The Every Student Succeeds Act (ESSA), the new education law of the land, established a number of new, flexible funding streams that states and districts can employ to support afterschool programs. One of these is the new Student Support and Academic Enrichment Grants program (SSAE), in the law's Title IV Part A.
Late last month, the US Department of Education released non-regulatory guidance on the SSAE grant program to help states, districts and schools provide students with a more well-rounded education. ESSA authorized $1.65 billion annually for this program (though Congress is debating the final funding level), which will provide funding to every state and district to support well-rounded learning opportunities with a strong emphasis on STEM (science, technology, engineering and math) education, as well as learning technologies and programs that keep students safe and healthy. The SSAE grants program is intended to be distributed by formula to districts, according to the following stipulations:
There are a nubmer of activities specifically authorized under ESSA and detailed in the new Department of Education guidance for the SSAE grants program that are helpful for afterschool STEM.
Opportunities for afterschool STEM in the SSAE grant program
The guidance issued last month also provides specific program examples that will help school districts and local communities better navigate these opportunities included in the law.
How the SSAE grant program supports well-rounded students
Additionally, afterschool programs could partner with schools and districts around implementing programs that encourage healthy, active lifestyles (nutritional and physical education) as well as social emotional learning (SEL) [ESEA section 4107(a)(3)(J)]. A district may use SSAE grant funds for activities in both of these areas, including interventions that build students' resilience, self-control, empathy, persistence, and other social and behavioral skills. According to the Department’s guidance, extensive research and educators’ own experiences show that school-based SEL programs play an important role in fostering healthy relationships and increasing academic and career success. Afterschool programs with a record of successfully helping kids grow in these areas could be valuable partners to schools seeking to incorporate SEL or student health programs in their school environment.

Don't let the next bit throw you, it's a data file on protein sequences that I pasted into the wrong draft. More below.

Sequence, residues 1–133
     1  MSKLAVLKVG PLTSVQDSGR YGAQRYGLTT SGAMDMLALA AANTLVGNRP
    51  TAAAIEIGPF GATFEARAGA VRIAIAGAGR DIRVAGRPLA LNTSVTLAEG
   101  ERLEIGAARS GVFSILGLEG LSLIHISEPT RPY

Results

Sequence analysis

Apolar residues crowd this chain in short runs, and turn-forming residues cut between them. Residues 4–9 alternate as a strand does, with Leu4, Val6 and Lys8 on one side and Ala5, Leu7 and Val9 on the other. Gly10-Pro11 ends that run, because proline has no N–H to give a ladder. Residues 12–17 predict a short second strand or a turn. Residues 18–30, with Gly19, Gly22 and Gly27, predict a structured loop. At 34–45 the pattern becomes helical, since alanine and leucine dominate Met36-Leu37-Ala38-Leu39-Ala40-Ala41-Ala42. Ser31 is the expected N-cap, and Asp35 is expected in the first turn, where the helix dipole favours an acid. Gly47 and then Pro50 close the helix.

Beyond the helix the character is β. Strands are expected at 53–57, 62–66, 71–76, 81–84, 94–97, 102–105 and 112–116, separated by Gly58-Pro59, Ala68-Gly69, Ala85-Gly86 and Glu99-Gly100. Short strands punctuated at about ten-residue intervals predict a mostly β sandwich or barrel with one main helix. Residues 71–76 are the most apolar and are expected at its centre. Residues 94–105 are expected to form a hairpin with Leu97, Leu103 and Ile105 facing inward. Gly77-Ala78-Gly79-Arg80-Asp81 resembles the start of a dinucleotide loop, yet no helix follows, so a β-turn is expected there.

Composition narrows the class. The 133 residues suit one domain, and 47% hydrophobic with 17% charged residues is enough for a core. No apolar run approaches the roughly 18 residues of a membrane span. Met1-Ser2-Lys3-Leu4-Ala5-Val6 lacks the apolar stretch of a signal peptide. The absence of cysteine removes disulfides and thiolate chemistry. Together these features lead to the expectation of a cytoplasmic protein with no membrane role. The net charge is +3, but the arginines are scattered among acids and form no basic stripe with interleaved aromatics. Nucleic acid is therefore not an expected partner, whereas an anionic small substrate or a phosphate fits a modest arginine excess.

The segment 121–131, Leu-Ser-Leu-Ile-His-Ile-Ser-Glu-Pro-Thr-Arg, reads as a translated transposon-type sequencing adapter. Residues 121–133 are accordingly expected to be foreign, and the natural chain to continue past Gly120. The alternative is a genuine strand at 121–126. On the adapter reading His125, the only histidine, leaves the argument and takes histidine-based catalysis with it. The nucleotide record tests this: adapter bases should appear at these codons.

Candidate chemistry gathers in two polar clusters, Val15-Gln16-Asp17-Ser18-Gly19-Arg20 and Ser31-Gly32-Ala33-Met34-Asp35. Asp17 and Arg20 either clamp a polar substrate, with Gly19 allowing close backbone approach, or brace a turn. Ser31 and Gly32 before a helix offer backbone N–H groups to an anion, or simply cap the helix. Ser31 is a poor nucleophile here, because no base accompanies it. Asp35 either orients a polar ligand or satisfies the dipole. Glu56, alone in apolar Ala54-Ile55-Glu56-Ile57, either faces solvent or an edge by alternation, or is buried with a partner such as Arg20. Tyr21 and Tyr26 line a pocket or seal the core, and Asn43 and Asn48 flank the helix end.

While the bulk of the money (95 percent) goes to districts, states will require applications from the districts for this funding and can thus influence how the districts spend their funds. States can offer matching grants to districts to advance particular issues, such as afterschool STEM. Districts can also collaborate and apply as a consortium in order to receive a larger pot of money. It's also very important to recognize that districts don't have to distribute the money equally to all schools in the district, and can concentrate on schools that have the highest need. Districts that receive an allocation of $30,000 or more are required to conduct a comprehensive needs assessment at least every three years.
Here's how you can make your voice heard in the implementation process
There are many opportunities for afterschool providers and advocates to work with state and district education leaders to help shape ESSA implementation plans, and those surrounding the SSAE grant program.
What the law says: Every district must submit a proposal to their state education authority describing how they intend to use SSAE grant funds, and districts may partner with any non-profit organizations with a “demonstrated record of success” on any proposed activities.
What you can do: Ask your state education authority to offer guidance on how districts can apply for Title IV Part A funding that includes specific examples of ways to use these federal funds that would promote afterschool and informal STEM learning.
What the law says: Every district receiving more than $30,000 in federal funding through the program is required to develop its application in consultation with community-based organizations, instructional support personnel, and a wide variety of other education partners.
What you can do: Offer your assistance to district and state leaders as a partner in developing their applications for Title IV Part A funding.You can also offer to bring other community-based organizations to the table.
What the law says: While STEM activities do not receive an explicit preference under the law, every district receiving more than $30,000 in federal funding is also required to conduct a needs assessment that shows how their proposed activities are aligned with the workforce needs of their community.
What you can do: Afterschool programs can highlight their activities that address STEM education-related needs. Afterschool providers could also potentially distinguish themselves by demonstrating how they integrate learning across STEM and other subjects, such as school health, arts, and the environment.
There are even more steps you could take to advoate for afterschool in regards to the SSAE grant program. Call upon state and district leaders to prioritize STEM, afterschool, and informal learning activities in applications for Title IV Part A funds. Urge your state to utilize the portion of funds from the Title IV Part A program that they receive for state-wide activities to prioritize afterschool and informal STEM education activities, like matching district funds with state funds for certain types of activities after school.
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